VIEW LEADERBOARD

Kickbox Caramel - Chapter 1

Kickbox Caramel - Chapter 1

Carly Singh runs a security firm. Her brothers provide the muscle, and she charms the clients. It's a strictly discreet operation- art galleries, garden parties- nothing too confrontational. But a small clash with London low-life flares into a race-hate vendetta. Now it's her biggest case, and she's the one she has to protect.

1

Crime / Suspense / Mystery / Thriller


author-small

Marco Ocram (Australia)


CHAPTER ONE.

I’m meeting a potential client at a west London pub. The bar is heaving, even just after seven. I have to thread through the revellers to find the quieter room at the back where he said he's waiting. That must be him…

“Simon?”

He looks up with the look clients usually have when they meet me for the first time. My photo’s on our website, but they still can’t believe that the head of a security firm really is in her twenties, really is so feminine-looking, and really is Indian. Or so they think. I’m half Pakistani and half Dutch, but I don’t make a point of telling them.

“Hi.” He stands as I approach smiling, and offers his limpish dampish handshake. He looks in his fifties, rumpled clothes, slight, unfit, on the Bohemian side of middle class- more-or-less as I expect the owner of a gallery might look, except he’d sounded younger on the phone.“Can I get you a drink?”

I decline politely, and we exchange the usual pleasantries. No, not his regular pub- just seemed a good landmark for meeting. Yes, very crowded. Yes, pretty boisterous. And so on. Then we talk about the job.

“Have long have you had the gallery?” I ask.

“About ten years, although it’s my wife’s really. She owns it but I run it. She’s not well.”

I give a little smile of sympathy but don’t ask why the wife’s not well. None of my business.

“And what’s the event you want us to support?”

“It’s a viewing. Nothing special, but last time some people crashed in for the free drinks and it all got unpleasant. We had a few things broken, and the insurance company said we needed to get some security if we do anything like it again.”

I nod along to his explanation. Just our sort of job. Nothing too heavy. No need for the crew-cut and tattoo brigade. Smart, low-key, polite and unobtrusive presence, only to intrude if trouble threatens. Just our sort of job.

“How many people are you expecting?”

“It’s hard to say. The artist is Teddy Palmer and he’s got quite a following. We sent out about three hundred invitations. A lot of them won’t turn up, but a lot of them might bring other people, so, you know, it’s hard to say. The main problem is we’ve no control over when they turn up. If a lot do at the same time it can get a bit frantic.”

“I’ll need to look at the gallery, and then I can tell you how many of my people I’d need.”

By people I meant brothers, mainly. The business had been my dad’s, and when he died I took over. The little sister, but the bossy outgoing one. The one that had always pushed the boys round, even though they were twice her size. Pakistani father, and Dutch mother. Big strapping boys.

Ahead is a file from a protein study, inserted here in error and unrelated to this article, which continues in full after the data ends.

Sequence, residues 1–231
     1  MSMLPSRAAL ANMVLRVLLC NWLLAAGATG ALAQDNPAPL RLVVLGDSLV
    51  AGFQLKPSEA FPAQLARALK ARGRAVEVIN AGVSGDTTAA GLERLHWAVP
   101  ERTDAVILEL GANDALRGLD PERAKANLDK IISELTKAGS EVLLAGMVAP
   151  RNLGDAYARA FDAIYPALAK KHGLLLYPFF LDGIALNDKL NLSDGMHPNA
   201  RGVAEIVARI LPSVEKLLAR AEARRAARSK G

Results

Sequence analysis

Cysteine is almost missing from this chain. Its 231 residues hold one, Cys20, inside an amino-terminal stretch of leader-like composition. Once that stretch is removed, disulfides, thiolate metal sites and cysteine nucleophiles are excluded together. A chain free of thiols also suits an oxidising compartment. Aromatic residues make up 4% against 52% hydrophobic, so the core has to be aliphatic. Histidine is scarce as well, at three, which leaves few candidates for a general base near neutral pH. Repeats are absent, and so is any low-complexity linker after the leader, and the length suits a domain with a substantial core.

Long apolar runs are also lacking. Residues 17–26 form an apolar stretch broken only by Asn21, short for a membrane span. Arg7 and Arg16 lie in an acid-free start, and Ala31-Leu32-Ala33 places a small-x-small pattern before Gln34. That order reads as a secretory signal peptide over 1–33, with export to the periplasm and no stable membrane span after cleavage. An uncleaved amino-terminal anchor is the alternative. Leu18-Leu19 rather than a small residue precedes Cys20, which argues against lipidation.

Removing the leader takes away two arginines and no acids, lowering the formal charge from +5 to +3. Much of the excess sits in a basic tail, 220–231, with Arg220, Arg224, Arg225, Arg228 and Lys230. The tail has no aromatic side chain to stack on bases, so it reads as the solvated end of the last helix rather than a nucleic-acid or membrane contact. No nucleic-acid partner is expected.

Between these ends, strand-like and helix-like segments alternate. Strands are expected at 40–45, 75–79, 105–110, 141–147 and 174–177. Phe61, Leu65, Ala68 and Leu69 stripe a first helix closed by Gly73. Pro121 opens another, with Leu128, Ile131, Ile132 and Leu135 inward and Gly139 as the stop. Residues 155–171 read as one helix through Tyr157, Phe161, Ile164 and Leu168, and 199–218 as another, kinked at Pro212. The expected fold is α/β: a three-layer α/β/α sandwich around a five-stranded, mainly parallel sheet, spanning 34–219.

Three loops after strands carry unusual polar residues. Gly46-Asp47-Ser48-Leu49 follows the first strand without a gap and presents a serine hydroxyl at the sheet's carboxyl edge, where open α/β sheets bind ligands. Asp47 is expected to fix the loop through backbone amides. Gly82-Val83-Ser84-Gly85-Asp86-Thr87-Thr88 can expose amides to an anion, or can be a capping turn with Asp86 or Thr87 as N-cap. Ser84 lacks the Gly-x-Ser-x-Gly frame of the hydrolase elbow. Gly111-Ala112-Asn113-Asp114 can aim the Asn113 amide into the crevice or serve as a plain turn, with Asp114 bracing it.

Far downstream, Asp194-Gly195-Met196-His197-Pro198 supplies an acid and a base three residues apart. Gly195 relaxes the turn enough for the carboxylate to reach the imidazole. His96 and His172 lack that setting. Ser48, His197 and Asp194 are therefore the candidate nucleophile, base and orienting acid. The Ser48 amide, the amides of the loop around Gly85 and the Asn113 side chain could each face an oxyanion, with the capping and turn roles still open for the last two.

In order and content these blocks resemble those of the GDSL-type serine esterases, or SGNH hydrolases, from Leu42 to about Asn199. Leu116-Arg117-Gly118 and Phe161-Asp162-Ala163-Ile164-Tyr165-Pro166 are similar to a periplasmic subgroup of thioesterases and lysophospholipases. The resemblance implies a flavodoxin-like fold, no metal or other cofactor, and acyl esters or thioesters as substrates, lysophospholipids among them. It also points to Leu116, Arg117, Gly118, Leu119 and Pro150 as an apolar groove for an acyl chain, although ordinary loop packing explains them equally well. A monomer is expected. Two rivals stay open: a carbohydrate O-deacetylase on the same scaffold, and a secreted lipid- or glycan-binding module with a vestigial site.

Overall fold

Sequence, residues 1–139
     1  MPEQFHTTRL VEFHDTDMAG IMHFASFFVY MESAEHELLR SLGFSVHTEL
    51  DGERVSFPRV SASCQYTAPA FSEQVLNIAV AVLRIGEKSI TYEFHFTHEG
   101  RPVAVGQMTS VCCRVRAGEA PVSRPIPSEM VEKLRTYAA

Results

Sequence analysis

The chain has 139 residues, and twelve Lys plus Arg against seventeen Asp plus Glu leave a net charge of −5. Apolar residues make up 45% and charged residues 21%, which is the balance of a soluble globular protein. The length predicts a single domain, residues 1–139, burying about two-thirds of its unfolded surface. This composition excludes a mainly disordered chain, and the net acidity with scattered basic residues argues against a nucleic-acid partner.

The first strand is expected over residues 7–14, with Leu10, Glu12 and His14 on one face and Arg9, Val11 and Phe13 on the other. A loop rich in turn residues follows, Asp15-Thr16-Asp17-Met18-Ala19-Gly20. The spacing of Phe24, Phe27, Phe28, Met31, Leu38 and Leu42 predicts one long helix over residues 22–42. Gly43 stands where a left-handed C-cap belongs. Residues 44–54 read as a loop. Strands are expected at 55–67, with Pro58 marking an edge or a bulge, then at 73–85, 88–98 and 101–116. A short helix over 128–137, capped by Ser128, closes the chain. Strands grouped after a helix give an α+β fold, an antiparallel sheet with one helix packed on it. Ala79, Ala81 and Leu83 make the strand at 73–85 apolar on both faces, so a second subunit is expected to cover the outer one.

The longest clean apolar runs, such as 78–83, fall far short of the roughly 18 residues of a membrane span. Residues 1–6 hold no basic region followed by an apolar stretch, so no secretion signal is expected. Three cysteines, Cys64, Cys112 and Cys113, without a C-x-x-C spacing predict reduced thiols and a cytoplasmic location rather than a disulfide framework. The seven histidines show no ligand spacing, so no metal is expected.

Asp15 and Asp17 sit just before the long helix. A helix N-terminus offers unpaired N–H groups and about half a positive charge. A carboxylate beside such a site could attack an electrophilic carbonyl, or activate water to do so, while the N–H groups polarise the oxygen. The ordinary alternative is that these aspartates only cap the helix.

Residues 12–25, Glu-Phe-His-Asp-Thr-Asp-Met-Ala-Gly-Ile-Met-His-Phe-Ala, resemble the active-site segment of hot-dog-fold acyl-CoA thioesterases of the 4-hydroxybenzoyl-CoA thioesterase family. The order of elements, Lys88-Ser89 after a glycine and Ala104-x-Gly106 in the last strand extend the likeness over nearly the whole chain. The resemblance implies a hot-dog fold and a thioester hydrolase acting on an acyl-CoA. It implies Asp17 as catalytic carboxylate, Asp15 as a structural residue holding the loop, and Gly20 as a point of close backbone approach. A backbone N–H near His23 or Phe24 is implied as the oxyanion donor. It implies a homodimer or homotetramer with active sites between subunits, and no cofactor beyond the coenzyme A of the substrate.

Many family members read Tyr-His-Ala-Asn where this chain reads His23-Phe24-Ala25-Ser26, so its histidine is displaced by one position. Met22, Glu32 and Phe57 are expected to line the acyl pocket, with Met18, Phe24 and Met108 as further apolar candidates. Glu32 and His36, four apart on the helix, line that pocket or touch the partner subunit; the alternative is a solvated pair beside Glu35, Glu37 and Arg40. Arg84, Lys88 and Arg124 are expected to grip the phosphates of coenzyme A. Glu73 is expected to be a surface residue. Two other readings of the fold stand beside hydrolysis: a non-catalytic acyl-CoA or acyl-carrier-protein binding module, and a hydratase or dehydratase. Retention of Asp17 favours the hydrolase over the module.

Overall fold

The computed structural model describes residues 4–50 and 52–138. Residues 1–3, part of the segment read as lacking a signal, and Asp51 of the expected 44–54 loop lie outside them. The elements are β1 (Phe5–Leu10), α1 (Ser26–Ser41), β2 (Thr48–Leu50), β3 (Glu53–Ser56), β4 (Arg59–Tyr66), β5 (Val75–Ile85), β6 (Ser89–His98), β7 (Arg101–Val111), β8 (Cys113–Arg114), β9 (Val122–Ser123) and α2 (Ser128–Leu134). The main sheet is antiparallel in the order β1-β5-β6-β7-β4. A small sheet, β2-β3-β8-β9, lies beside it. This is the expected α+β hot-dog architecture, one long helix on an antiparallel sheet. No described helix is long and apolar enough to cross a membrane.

“Fine. Yes, that’s fine,” says Simon. “Do you have a certificate?”

He meant the official ID that proves I’m legit. His insurers would have asked for that. Mine was in the car. I say I’ll fetch it, smiling as I leave him. Won’t be a minute.

I have to get back through the crowd near the bar. Some men move to let me through, some don’t. Just ahead there’s a circle, my age or younger, of mainly girls, plainly drunk. There’s a sudden commotion and one girl steps backwards into me. The bump spills her drink all down her dress. She turns, not sure which is the worse sight, me or the long wet stain on her party frock.

“You stupid Paki bitch!”

She’s about my height, but hefty. Frizzed hair. Rage and too much make-up distort her face. She swings for me but misses. Without thinking, I push her swinging arm, adding to the momentum of her turn. I don’t even have to trip her, as she corkscrews to the floor all by herself, landing in the pool of the rest of her drink. As her outraged mates help her up I move sideways round them, palms showing upwards in the universal sign for not wanting trouble. Something we got from the apes, no doubt, so should be clear enough to these yobs.

On the street I blip open the car to get my ID. I’m shaken. Mustn’t let it show, either to them or the gallery man. Shock’s not a reassuring sign to a client looking for security services.

Back by the bar the would-be slugger is in a chair. Her friends fuss over her wet dress with tissues. They unite in hostile look as I pass, and someone says something I didn’t quite catch about Pakis. It’s funny how they think you’re Indian unless they’re insulting you.

I show gallery man the ID. A plastic card with my photo, name, reference number, and expiry date. The card’s chipped, and the chip holds my fingerprints, but he doesn’t know that. He writes my name- Carlijn Singh- and the reference number together in a little book.

“Lovely. That all looks fine.” He hands back the card. “When would you like to see the gallery? We don’t open it much but I can be there to let you in if …”

He runs out of words, clearly out of his comfort zone, so I give him my very best smile, check dates on my phone, and we agree a rendezvous. Then it’s time to go.

“That’s brilliant,” I say, somewhat overstating things, as we make our way out. “Can I give you a lift anywhere?”

“If it’s not out of your way, the Tube would be great.”

“Sure. The car’s just over there.”

But even as I point I see something’s wrong. The lights on the driver’s side are smashed, a frost of glass on the tarmac. When we get closer it’s worse- the wing and doors are horribly dented.

“Oh dear,” says gallery man, as we stare at the damage.

Behind me there’s laughter. I turn and the drunken crowd are there by the door of the pub, all hoots and whistles. Shit shit shit shit shit shit shit. My temper’s boiling, and I feel myself flush. My heart is suddenly thumping. Bastards.

“Don’t worry about the lift,” says gallery man. “You need to sort this out. I can walk, it’s OK.”

I take a long breath, but my voice still comes out strained. “Sorry. I’ve no idea how that’s happened.” Even as I say the words they sound stupid. I’m trying to be too composed, as if a car getting kicked-in is an everyday thing, like a loose shoe-lace. The truth is I feel humiliated, and don’t know how to react.

“I’ll see you Tuesday.”

We shake hands and he walks off after another quick look at the damage. It’s a bad advert- security firm can’t protect its own car on busy London street. I get in the car and stare at the yobs and think. I can’t tackle them myself, but I’m absolutely not just leaving it. Time to call big brothers. I try Sepp first. His phone goes to voicemail. I don’t leave a message. I call Tam. He answers.